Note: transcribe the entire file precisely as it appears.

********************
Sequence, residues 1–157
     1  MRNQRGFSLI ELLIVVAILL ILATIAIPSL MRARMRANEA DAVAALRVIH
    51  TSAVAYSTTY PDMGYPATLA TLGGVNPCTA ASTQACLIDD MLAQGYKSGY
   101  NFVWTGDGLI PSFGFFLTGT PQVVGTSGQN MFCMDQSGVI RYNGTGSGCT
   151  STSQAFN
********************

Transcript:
Sequence, residues 1–157
     1  MRNQRGFSLI ELLIVVAILL ILATIAIPSL MRARMRANEA DAVAALRVIH
    51  TSAVAYSTTY PDMGYPATLA TLGGVNPCTA ASTQACLIDD MLAQGYKSGY
   101  NFVWTGDGLI PSFGFFLTGT PQVVGTSGQN MFCMDQSGVI RYNGTGSGCT
   151  STSQAFN